From the world’s greatest lake to the pristine Boundary Waters Canoe Area Wilderness, access to water is abundant in Cook County. Local canoe outfitters can arrange trips and transportation to some of the most remote wilderness lakes in the heart of moose country.
In addition to the marina in Grand Marais, Cook County boasts another fine marina facility at the historical settlement of Grand Portage. This 27-slip marina also offers easily accessible services and recreational opportunities (no vehicle necessary) and is centrally located on the North Shore of Lake Superior between Thunder Bay, Ontario, and Grand Marais, MN.
Open May through October, the marina is operated by the Grand Portage Band of Lake Superior Chippewa and provides services for fishing and boating, including slip rentals, ramp launching, landing facilities, and gas and tackle sales. It is also the last fueling stop before heading out to Isle Royale National Park, the largest island in Lake Superior.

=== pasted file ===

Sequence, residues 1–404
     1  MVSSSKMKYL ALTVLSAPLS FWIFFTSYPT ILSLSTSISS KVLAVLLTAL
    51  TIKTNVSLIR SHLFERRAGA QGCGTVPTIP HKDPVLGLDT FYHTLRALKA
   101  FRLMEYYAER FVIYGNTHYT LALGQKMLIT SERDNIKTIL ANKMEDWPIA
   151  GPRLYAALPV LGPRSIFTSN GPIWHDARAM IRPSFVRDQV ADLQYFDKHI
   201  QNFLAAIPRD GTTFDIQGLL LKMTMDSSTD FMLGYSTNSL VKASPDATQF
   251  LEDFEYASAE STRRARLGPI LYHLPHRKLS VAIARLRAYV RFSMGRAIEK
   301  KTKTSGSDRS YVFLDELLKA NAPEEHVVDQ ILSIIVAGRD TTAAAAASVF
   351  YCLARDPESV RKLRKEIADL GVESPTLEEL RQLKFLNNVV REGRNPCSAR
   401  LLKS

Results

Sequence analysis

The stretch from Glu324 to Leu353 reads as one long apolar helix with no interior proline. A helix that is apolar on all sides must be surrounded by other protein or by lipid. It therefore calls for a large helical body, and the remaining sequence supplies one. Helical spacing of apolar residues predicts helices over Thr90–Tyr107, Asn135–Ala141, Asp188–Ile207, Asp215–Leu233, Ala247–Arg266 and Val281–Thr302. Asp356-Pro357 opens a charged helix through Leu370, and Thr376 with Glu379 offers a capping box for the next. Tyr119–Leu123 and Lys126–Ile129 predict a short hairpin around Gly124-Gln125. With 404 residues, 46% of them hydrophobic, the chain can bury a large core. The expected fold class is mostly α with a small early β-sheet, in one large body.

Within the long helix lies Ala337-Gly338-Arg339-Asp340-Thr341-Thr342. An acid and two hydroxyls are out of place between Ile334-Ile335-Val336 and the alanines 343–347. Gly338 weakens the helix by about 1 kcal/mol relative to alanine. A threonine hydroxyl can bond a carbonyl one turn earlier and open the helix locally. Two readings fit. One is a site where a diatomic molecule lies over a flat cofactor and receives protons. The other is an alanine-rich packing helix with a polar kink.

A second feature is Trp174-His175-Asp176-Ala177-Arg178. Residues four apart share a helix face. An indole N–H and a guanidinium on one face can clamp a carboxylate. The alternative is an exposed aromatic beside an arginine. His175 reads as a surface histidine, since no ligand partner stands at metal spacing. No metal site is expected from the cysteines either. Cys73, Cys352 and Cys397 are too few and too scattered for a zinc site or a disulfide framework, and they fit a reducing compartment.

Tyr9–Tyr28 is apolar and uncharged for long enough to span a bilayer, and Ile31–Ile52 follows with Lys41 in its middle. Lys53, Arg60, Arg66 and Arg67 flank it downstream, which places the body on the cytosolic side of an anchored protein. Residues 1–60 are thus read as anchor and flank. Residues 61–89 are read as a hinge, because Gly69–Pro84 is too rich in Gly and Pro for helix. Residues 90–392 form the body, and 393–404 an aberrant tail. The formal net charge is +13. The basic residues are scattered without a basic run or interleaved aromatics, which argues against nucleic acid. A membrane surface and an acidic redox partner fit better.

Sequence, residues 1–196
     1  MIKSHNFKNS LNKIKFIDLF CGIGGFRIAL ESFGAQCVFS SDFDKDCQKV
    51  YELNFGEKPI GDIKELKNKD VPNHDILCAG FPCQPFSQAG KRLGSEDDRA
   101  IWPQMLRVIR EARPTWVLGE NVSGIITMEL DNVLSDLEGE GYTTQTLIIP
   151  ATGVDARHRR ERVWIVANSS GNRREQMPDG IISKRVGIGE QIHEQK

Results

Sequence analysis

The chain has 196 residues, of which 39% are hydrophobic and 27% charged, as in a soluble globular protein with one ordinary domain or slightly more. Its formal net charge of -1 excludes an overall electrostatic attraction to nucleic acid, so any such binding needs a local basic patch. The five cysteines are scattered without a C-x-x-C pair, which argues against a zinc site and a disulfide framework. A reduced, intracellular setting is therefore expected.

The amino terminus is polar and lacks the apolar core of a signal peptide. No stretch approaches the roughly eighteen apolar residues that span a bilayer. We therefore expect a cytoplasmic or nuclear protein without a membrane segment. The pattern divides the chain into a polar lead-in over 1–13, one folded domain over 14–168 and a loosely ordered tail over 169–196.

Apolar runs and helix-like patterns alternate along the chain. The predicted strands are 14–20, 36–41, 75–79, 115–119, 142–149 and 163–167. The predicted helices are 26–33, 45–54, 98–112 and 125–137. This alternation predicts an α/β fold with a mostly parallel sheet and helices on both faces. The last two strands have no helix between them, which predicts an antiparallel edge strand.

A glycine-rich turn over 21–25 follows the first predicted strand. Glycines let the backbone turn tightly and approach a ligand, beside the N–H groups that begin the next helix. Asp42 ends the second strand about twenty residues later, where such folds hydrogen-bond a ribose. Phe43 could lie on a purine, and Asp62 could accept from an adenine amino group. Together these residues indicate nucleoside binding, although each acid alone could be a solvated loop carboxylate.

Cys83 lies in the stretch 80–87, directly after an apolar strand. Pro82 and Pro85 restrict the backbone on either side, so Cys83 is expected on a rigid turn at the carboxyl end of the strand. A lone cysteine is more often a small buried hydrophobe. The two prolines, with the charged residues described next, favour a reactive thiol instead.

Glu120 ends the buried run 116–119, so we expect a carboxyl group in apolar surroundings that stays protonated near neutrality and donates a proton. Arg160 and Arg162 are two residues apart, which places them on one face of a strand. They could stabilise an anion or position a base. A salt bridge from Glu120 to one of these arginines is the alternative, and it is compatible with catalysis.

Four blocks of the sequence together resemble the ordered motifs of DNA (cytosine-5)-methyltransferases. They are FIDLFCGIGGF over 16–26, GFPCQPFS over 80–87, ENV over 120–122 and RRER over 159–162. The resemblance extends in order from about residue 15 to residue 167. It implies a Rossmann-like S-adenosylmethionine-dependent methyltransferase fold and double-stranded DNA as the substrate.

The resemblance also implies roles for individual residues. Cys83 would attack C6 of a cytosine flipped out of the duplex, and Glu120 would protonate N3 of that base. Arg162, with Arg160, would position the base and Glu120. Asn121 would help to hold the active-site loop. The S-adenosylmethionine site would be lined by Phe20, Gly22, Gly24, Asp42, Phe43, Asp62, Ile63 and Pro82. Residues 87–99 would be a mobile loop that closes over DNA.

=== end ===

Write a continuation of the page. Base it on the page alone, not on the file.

Grand Portage is an amazing place to visit any time of year. There’s the grand, sparkling, newly renovated Grand Portage Lodge & Casino, historic Grand Portage National Monument, and High Falls at Grand Portage State Park. Additionally, every year on the second weekend in August, Grand Portage holds its annual Rendezvous Days and Traditional Pow Wow, honoring the rich cultural heritage and history of the Grand Portage community. Held on the grounds of Grand Portage National Monument, the Rendezvous features hundreds of reenactors from across the country and Canada who gather to camp and challenge each other to games and skills from our historic past.
As part of this celebration, the Grand Portage Band holds its annual Traditional Pow Wow. Neighboring tribes travel to Grand Portage to join this joyous annual gathering, the community’s biggest and most grand celebration of the year. Visitors can expect a weekend packed with cultural events from the 1800s to 1900s, including dancers, singers, and drumming, as well as chances to try blacksmithing, arts and crafts, Native American cuisine, and recreational activities.
Discover all that Cook County has to offer at www.visitcookcounty.com.
This article first appeared in the Spring Issue (Mar/Apr) 2020 of Great Lakes Scuttlebutt magazine.